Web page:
ATLAS Guide
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P7.2: Establishing the Parameters & Principles of Development

For Large Development Projects it is likely that the approach to planning would be via the Outline Planning Application route, which would establish the principle of development, use and scale of development in advance of undertaking detailed technical work.
 
Concerns have been voiced about such submissions in terms of their varying standard and the lack of defining information and certainty. Partly in response to these concerns and with the objective of achieving higher standards, transparency and better decision-making the Government introduced statutory changes (in operation from August 2006) to redefine the necessary content of ‘outline’ applications and relationship with subsequent reserved matters applications. At it's point of introduction, the NPPF did not formally replace these changes as out in Circular 01/06.

It is now crucial to establish certain parameters and design principles to development proposals to give more clarity to what is actually being proposed and what has been assessed as part of the Design & Access Statement, Transport Assessment and Environmental Statement. Based upon the new guidelines and ATLAS’ experience, we believe that Outline Applications should now include specific parameter plans as a formal part of the application material to identify the following:

  • Land Use: the building / site use or uses proposed for the development and any distinct development/neighbourhood zones/phases within the site.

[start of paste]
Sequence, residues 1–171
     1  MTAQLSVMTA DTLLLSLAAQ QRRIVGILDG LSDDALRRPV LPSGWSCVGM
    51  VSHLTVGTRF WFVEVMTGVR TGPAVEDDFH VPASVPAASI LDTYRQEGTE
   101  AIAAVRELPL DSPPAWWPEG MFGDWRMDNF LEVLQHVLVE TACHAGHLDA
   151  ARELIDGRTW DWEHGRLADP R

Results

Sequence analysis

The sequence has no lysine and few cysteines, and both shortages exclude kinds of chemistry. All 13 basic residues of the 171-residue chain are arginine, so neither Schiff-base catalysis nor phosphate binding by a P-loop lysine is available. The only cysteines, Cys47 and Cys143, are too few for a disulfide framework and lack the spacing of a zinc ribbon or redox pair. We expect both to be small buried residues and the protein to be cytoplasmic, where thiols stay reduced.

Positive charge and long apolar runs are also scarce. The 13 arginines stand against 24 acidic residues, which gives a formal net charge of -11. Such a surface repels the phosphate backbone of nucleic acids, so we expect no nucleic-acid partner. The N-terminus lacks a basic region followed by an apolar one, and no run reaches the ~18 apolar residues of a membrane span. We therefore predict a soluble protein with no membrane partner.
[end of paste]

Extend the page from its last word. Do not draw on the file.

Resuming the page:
• Areas of potential built development: identifying broad areas within the site within which proposed buildings would be located.
  • Building Heights: identifying the upper and lower limits for height within the areas of built development.
  • Landscape & open space structure: identifying strategic areas of open space indicating the role & purpose of different spaces, landscape and other facility (i.e. LEAP, NEAP) content.
  • Access & movement: identifying proposed access point/s, movement across the site including strategic highway, pedestrian and cycle routes.
  • Other key structuring elements: subject to the nature of the specific proposals but potential additional plans to identify the location of nodes & landmarks, character areas, residential density plans, parking strategy, etc.

In addition to the incorporation of parameter plans as part of a formal planning application, based upon our experience ATLAS also considers that two further components should complete the formal application material:

  • Schedule of development: the amount of development proposed for each use, including where appropriate total gross square metres of built development, numbers of residential units (with tenure/size splits), and site areas. This should also be provided subdivided down to each identified neighbourhood/phase as appropriate.
  • Statement of design principles: a short written statement that clearly articulates the design principles that will guide future development. These can be extracted from any other supporting documents (such as the Design & Access Statement or relevant background policy document) but presented in one simple document so that the various principles can be simply secured through the approval process.

ATLAS considers that this additional information need not necessarily restrict flexibility of implementation. For example, setting maximum parameters for build areas & heights would still retain the flexibility to evolve detailed design within these approved parameters, without dictating exactly what the final scheme would be.

Last Updated on Wednesday 28/03/2012 - 01:35PM

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Advisory Team for Large Applications (ATLAS), 2014